Alaskans passed an English Only initiative in 1998 which, in part, said:
"The English language is the language to be used by all public agencies in all government functions and actions."That particular language was struck down by the Alaska Supreme Court in 2007.
I have to work hard to bite my tongue and not make snarky comments about people who come up with ideas like this and voters who don't speak other languages and simply have no understanding of the value of other languages and other cultures to humankind.
Each culture, in my mind, is like a volume in the Encyclopedia of Human Knowledge. Each language, and the culture to which it gives life, represents one way that a set of humans found to survive in their part of the earth.
It contains a view of the world and an understanding of aspects of the world that allowed them to live in their particular niche. It has knowledge that no other language or culture has captured. And we never know when that knowledge may be of value to the rest of us. Most of us have no idea of the rich diversity of knowledge that has been collected over millennia and preserved in the blend of each culture and language.
To lose a language is to lose a volume of that encyclopedia.
There were two movies shown at Out North on Tuesday night. We Still Live Here told the story of the Wampanoag people, 2/3 of whom were wiped out by yellow fever after early contact with Europeans arriving in their land in Nantucket and Martha's Vineyard. The movie follows Jessie Little Doe who still has remnants of the Wampanoag language in her head, even though the last fluent speaker had died 100 years before.
She ends up on a Fellowship at MIT working to resurrect Wompanoag. Not only does the language regain life, so do the remnants of the Wompanoag people who rediscover their heritage.
I know those who favor things like English Only are thinking, "It was better off dead. If these people call themselves Americans, then they should speak English." Well, first, they do speak English. Second, the movie traces how the Wompanoag language and culture was essentially destroyed through policies such as taking away their children and raising them in white families. And third, as I said above, each language contains a unique knowledge of the world.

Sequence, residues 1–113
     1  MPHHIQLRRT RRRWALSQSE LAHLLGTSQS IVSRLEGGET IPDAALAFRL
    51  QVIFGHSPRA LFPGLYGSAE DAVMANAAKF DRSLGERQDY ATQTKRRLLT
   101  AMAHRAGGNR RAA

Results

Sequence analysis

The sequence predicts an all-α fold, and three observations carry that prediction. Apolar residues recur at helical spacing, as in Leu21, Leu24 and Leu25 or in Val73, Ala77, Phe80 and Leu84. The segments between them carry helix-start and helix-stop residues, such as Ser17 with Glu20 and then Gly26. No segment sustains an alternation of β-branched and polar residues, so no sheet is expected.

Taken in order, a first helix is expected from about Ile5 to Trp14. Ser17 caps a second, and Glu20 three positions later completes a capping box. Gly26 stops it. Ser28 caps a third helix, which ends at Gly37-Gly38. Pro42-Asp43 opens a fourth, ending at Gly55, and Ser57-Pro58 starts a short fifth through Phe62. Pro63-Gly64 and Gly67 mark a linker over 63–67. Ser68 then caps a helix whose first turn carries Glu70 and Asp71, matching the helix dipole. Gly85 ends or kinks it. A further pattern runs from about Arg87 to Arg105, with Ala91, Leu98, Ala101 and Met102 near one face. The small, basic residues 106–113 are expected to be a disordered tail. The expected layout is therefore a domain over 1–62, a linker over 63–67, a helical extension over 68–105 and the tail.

The last native speaker of Eyak, Chief Marie Smith Jones, died in 2007 at age 90. But University of Alaska Fairbanks Professor Michael Krauss, has been studying Eyak for almost 50 years and has a rich collection of tapes and documentation of the language. And a young Frenchman, Guillaume Leduey, discovered Eyak as a child and began studying it from tapes and other materials. He arrived in Cordova, the area where Eyak are from, in the summer of and continues to work with Eyak people via the internet and Skype.
The film maker was at the Out North Tuesday as were six or seven Eyaks who are part of the Eyak Language Project who, like the Wompanoag, are working to resurrect their language.
In the photo, you see UAA Linguistic Anthropologist Roy Mitchell, film maker Laura Bliss Spaan, and four Anchorage Eyaks. I apologize that didn't write down their names. It was a powerful discussion after the movie as they discussed the delights and difficulties of learning Eyak. They also talked a bit about We Still Live Here and the similarities and differences between the two experiences of reviving their languages.
You can watch Parlez Vous Eyak below.
I know that English Only folks are passionate in what they believe. But it was people like them who have destroyed languages all over the world. These people work to make it harder for non-English (and you can substitute other dominant culture languages around the world) languages to survive. It's no different from people who kill off endangered species because some part of them is thought be a powerful aphrodisiac. It represents self-centeredness and ignorance. But despite their efforts, people recover lost languages. It's not impossible. The most successful example I know of is the revival of Hebrew to become a robust modern language.
Alaskans can see:
We Still Live Here
Thursday (tonight) on
PBS (Channel 7 in Anchorage)
at 9 pm
It's part of the show Independent Lens.